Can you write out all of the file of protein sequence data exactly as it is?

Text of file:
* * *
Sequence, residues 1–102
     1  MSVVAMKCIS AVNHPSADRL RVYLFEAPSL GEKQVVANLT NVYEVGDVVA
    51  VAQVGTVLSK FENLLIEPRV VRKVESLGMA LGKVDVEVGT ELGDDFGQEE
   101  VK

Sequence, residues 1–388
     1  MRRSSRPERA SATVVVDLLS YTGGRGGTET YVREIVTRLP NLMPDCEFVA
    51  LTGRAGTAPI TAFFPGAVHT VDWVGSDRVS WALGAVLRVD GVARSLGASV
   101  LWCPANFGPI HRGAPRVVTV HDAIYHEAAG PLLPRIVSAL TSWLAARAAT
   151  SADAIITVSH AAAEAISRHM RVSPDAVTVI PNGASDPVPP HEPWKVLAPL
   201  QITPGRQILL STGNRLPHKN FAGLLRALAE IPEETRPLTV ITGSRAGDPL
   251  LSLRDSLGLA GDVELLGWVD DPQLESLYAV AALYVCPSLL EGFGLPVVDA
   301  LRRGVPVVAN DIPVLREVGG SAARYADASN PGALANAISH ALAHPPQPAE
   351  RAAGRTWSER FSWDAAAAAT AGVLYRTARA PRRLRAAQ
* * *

Sequence, residues 1–102
     1  MSVVAMKCIS AVNHPSADRL RVYLFEAPSL GEKQVVANLT NVYEVGDVVA
    51  VAQVGTVLSK FENLLIEPRV VRKVESLGMA LGKVDVEVGT ELGDDFGQEE
   101  VK

Sequence, residues 1–388
     1  MRRSSRPERA SATVVVDLLS YTGGRGGTET YVREIVTRLP NLMPDCEFVA
    51  LTGRAGTAPI TAFFPGAVHT VDWVGSDRVS WALGAVLRVD GVARSLGASV
   101  LWCPANFGPI HRGAPRVVTV HDAIYHEAAG PLLPRIVSAL TSWLAARAAT
   151  SADAIITVSH AAAEAISRHM RVSPDAVTVI PNGASDPVPP HEPWKVLAPL
   201  QITPGRQILL STGNRLPHKN FAGLLRALAE IPEETRPLTV ITGSRAGDPL
   251  LSLRDSLGLA GDVELLGWVD DPQLESLYAV AALYVCPSLL EGFGLPVVDA
   301  LRRGVPVVAN DIPVLREVGG SAARYADASN PGALANAISH ALAHPPQPAE
   351  RAAGRTWSER FSWDAAAAAT AGVLYRTARA PRRLRAAQ